REVIEW: Every Seed must Die – THE PROMISE IS HOPE

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“It’s the dark night of the soul / Never slept in a bed so cold / Can you hear me crying out / I’m aching and so alone”

The opening lines of Every Seed Must Die are oceans away from what one might expect on a Christian album. The way it is sung is even further away: plainly, almost withdrawn. The kind of tone that rises from the ashes of seasons of pain, suffering, and loss. It’s a sound that is nearly impossible to pull off, but is done so here with tenderness and conviction. This is a tough album. It’s tough to listen to, and it must have been wrenching to write. True art bleeds from its source. Every Seed Must Die is covered in redemptive blood.

Eric and Ash L’Esperance are The Promise Is Hope, a husband and wife duo from Worchester, MA. Their first album, Where We’ve Been And Where We’re Going , was a self-professed ‘joyous’ record. On the surface, their sophomore effort is anything but. Eric and Ash lost four family members to tragic deaths over the course of two years. They stared at the faces of cancer, mental illness, and suicide. They witnessed the slow disintegration of their faith community. Every Seed Must Die carries a profound weight of loss and doubt, and even more of faith and absolution. It weaves intimate folk storytelling with personal narratives, dialogues with God, confessionals, and eulogies. Eric and Ash display considerable songwriting depth throughout. Each song offers its own stark revelation. You can actually feel them working through their emotions from song to song, as if the songwriting process was equally cathartic and revelatory. It’s a wonder to behold.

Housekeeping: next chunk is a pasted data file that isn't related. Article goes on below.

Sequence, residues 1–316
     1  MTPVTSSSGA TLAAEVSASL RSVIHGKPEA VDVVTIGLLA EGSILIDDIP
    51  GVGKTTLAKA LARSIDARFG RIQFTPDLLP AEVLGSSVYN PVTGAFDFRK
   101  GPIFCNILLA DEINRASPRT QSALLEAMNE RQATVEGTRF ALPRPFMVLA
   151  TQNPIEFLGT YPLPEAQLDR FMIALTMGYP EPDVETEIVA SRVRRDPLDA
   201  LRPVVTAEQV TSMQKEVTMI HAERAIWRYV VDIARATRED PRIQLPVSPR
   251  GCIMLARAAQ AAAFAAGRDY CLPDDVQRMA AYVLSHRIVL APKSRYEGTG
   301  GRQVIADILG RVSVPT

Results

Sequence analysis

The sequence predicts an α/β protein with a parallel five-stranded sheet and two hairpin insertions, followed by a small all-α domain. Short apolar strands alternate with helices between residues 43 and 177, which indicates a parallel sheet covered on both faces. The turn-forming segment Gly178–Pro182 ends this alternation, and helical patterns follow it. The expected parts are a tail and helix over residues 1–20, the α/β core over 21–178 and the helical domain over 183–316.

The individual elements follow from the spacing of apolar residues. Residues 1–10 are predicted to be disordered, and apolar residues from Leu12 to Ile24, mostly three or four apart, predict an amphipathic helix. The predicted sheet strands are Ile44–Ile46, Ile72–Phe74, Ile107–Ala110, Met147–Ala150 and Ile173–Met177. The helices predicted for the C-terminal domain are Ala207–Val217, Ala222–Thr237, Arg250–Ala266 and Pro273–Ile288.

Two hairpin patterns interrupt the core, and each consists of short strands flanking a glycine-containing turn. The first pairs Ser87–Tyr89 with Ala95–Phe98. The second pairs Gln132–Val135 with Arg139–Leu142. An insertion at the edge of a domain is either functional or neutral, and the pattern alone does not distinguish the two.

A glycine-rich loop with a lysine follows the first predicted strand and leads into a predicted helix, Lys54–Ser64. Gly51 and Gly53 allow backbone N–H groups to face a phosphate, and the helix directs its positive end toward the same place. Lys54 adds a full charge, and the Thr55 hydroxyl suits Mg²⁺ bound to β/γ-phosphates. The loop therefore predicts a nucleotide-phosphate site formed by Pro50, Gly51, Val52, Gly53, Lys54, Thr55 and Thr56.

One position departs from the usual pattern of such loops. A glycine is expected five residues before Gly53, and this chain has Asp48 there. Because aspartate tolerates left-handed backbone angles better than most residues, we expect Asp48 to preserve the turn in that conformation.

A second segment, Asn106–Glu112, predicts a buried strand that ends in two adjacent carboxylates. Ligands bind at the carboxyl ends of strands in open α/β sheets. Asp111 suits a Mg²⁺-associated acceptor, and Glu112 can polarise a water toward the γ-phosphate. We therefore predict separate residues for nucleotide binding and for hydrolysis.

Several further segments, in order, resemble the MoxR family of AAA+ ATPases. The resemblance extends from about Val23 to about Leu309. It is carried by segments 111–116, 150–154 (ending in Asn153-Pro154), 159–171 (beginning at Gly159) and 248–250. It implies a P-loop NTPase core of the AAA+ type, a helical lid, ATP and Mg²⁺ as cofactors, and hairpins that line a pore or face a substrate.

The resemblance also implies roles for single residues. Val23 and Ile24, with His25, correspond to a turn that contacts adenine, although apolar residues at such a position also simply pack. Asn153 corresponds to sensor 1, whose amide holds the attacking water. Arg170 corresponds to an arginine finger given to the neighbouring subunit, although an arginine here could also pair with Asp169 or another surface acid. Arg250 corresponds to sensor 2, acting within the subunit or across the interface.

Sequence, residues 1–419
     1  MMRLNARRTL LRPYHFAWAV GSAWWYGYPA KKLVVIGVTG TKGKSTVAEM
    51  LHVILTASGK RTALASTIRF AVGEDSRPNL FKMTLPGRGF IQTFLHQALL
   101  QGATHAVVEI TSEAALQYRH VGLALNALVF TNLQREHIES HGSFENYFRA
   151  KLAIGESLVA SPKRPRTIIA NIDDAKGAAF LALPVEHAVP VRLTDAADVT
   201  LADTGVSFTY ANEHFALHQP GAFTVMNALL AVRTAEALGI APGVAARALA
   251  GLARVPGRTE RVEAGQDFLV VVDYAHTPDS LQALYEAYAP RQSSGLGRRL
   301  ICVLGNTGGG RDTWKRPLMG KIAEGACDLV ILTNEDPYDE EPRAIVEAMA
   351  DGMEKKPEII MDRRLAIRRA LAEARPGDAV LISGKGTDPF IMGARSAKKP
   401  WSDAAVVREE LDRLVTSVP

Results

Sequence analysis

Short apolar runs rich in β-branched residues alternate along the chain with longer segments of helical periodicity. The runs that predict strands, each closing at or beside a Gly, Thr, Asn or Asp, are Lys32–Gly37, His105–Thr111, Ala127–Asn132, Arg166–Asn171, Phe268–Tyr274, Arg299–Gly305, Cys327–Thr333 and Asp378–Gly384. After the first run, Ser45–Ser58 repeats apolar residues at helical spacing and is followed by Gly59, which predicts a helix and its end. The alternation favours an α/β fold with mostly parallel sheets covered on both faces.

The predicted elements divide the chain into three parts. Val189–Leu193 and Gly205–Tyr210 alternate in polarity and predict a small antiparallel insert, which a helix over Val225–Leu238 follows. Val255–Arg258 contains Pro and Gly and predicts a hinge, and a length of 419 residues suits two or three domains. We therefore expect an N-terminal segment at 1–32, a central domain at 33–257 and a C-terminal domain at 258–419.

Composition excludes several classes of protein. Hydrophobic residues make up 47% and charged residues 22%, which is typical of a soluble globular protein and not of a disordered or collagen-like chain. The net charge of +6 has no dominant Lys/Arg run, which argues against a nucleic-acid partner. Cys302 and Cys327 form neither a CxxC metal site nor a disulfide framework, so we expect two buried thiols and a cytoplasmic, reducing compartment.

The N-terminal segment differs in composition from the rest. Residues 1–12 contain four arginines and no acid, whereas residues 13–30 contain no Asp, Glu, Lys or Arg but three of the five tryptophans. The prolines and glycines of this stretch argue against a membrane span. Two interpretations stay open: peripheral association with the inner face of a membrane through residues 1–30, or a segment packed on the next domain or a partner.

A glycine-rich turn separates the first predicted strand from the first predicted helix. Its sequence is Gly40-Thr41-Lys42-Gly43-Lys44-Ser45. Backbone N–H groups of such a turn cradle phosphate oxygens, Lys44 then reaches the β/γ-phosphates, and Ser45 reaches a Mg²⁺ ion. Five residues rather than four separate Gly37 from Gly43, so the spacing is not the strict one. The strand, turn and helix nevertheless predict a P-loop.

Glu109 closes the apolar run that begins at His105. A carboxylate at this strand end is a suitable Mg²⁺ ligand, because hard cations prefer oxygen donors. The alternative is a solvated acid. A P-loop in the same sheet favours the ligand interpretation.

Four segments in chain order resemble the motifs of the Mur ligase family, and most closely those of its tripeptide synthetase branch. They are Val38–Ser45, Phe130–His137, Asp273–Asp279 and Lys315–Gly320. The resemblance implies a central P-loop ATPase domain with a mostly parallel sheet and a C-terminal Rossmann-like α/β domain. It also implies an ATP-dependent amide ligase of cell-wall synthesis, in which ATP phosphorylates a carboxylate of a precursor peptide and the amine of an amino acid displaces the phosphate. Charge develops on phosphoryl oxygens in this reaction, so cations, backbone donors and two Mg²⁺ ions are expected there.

The Promise Is Hope tapped Old Bear Studios and producer Chris Hoisington for Every Seed Must Die. Chris and the awesome folks at Old Bear are quickly becoming the de facto go-to’s for nonconformist independent Christian music. On this release, Chris opts for a less-is-more approach, allowing Eric and Ash’s vocals to take center stage above soft arrangements of finger-picked acoustics, pianos, cellos, and Mellotrons. The result is a sound that is fiercely, almost uncomfortably intimate. It’s raw, visceral, and completely exposed.

An album like this only goes as far as its vocals take it, and Eric and Ash L’Esperance lift us to heaven and back. Eric’s plainspoken laments occupy a space between Damien Jurado and Red House Painters-era Mark Kozelek. Ash’s heartfelt swoons recall Over The Rhine’s Karin Bergquist. They are extraordinarily effective on their own, and are achingly beautiful when they harmonize.  On “River”, Eric laments, “I’m a ship lost at sea / with nothing here to anchor me / no wind to fill my sails / why have you forsaken me?” only to follow with a delicate plea: “if your love were a river / on my back I would lay / let your love be a river / come and carry me away”. On “Lost & Found”, Ash humbly asserts, “I lost my family, I lost belonging, the veil was torn / I lost my ego, my self-reliance, I lost my pedestal / But I found you”. Every Seed Must Die pairs the trials of everyday life with the Eternal, that in order to fully live we must let go of ourselves and be reborn in Christ.

Every Seed Must Die is Eric and Ash letting go of heartbreak and finding hope in places they least expect. It’s a roadmap of tribulation led by their Navigator. It’s a delicate piece of artistry that breathes from their souls. It’s remarkably mature, both in emotion and in faith. And it’s authentic to the core. When their hearts break, so do ours. When they question injustice, so do we. And when they lift their voices to heaven in praise, we join in the chorus of song. This is is a journey to feel — to experience. It’s worth experiencing over and over again.

It’s more than just sound.

It’s transcendent.

*originally published in Altarwork

Jason Ramsey is the founder, owner, & CEO of Altarwork, a publishing & promotional outlet for all things worship arts.



Shannon Lewis

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